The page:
University expands ethics education to all researchers
No longer just the province of the humanities, the study of ethics is taking on a greater role in Princeton University's training of future researchers. Across classrooms and research labs, faculty and students are building on the questions posed by ancient philosophers and applying them in discussions about plagiarism and fraud, conflicts of interest, and working with human research subjects.
Anna Hiszpanski, a graduate student in chemical and biological engineering, took the new class "Responsible Conduct in Research: A Course on Ethics in Engineering" last fall to gain insights into her ethical responsibilities as a researcher.
"The course made me more conscious of ethical choices and situations I face on a day-to-day basis as a graduate student and researcher," she said. "More than simply identifying possible pitfalls, it also offered advice on how to navigate and avoid ethical dilemmas."
For many years, Princeton has offered courses about conducting research ethically in the life sciences because of federal funding guidelines, and the University now has extended its commitment to this training to all of the natural sciences, social sciences, mathematics and engineering departments.
Princeton's Dean for Research A.J. Stewart Smith and Dean of the Graduate School William Russel formed a committee two years ago to explore requiring a course on responsible conduct in research. Coincidentally, the National Science Foundation began requiring such training for all its grantees as of 2010 and the National Institutes of Health updated its requirements as well, which accelerated Princeton's effort, said David Redman, associate dean for academic affairs in the Graduate School.
"That meshed nicely with our plans to push this as a necessary professional development activity in the natural sciences, engineering and the social sciences," Redman said. While providing an online ethics course would have met the federal requirements, that "doesn't meet the standard of a course taught with senior faculty members and discussion" that Princeton's expanded offerings provide, he said.
Smith and Russel announced the creation of a Responsible Conduct of Research (RCR) Training Plan in March 2010. RCR courses are required for federally funded students and postdoctoral researchers in the natural sciences, mathematics, engineering and the social sciences, and most departments in these disciplines are requiring all of their graduate students to receive this training. Undergraduates and visiting student research collaborators may meet the University and federal requirements by taking an online training course.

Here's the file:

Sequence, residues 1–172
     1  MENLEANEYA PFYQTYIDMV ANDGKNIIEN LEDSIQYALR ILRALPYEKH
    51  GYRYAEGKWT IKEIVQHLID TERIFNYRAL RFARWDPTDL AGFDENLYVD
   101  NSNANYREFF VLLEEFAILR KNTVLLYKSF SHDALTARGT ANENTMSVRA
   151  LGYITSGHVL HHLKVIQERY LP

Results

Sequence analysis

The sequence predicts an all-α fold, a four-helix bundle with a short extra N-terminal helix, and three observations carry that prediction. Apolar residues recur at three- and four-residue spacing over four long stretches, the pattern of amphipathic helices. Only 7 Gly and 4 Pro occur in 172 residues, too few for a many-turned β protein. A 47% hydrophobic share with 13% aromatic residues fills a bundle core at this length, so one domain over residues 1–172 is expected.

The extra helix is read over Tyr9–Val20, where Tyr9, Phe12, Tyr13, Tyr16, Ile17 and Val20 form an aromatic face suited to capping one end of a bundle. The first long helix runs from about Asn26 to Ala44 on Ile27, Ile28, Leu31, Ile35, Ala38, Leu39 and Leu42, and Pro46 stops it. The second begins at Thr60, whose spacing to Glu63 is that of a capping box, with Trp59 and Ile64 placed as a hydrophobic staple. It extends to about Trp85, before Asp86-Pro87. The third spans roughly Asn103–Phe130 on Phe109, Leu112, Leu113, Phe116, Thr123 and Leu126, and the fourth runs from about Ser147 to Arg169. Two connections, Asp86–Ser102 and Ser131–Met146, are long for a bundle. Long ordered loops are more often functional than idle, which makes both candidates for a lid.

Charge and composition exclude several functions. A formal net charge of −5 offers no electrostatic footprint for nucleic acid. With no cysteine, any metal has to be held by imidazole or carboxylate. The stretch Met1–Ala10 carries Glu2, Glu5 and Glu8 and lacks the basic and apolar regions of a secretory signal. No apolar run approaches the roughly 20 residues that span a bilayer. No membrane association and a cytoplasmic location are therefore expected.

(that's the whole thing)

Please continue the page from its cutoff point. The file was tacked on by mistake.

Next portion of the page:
The University's RCR courses must include significant student-faculty discussion, and be taught by regular faculty or emeriti. They also cover topics in 11 core areas: data acquisition, sharing, management and ownership; conflicts of interest and commitment; research misconduct; publication practices and responsible authorship; peer review; collaborative research; mentor and student/trainee rights and responsibilities; animal welfare; human subjects; science in society; and safe laboratory practices. Topics covered vary according to the nature of the research in the discipline. Issues of animal welfare are relevant to graduate student and postdoctoral researchers in psychology and biology, for example, but not relevant in electrical engineering or computer science.
From intensive two-day summer courses to half-term classes during the academic year, the University's departments have established a variety of ways to engage students in these areas of research ethics.
Ethics in engineering
Due to the RCR program, Claire Gmachl, the Eugene Higgins Professor of Electrical Engineering, has introduced students to the complex professional and societal implications of conducting research and bringing new technologies to market.
Gmachl volunteered to teach "Responsible Conduct in Research: A Course on Ethics in Engineering," a new half-semester course typically offered in the fall and required of all engineering graduate students. In addition to providing a brief background in moral philosophy, the course covered topics such as research misconduct, credit and authorship in publications, student-adviser relationships, collaborations, and the wider societal implications of engineering decisions.
"It's not just for their time as graduate students, it's training for a profession," said Gmachl, noting that the University and society put a lot of resources into graduate education. "What we ask in return is their honest work and their good judgment to solve societal problems. It's a big responsibility and it's important to live up to it."
Gmachl worked with the Keller Center for Innovation in Engineering Education to plan and develop the content. With Keller Center funding, Jinju Pottenger, a 2010 alumna who majored in the Woodrow Wilson School of Public and International Affairs, and Alexander Hwang, an economics major from the class of 2011, worked with Gmachl during the previous the summer to research other ethics courses and to help organize the course.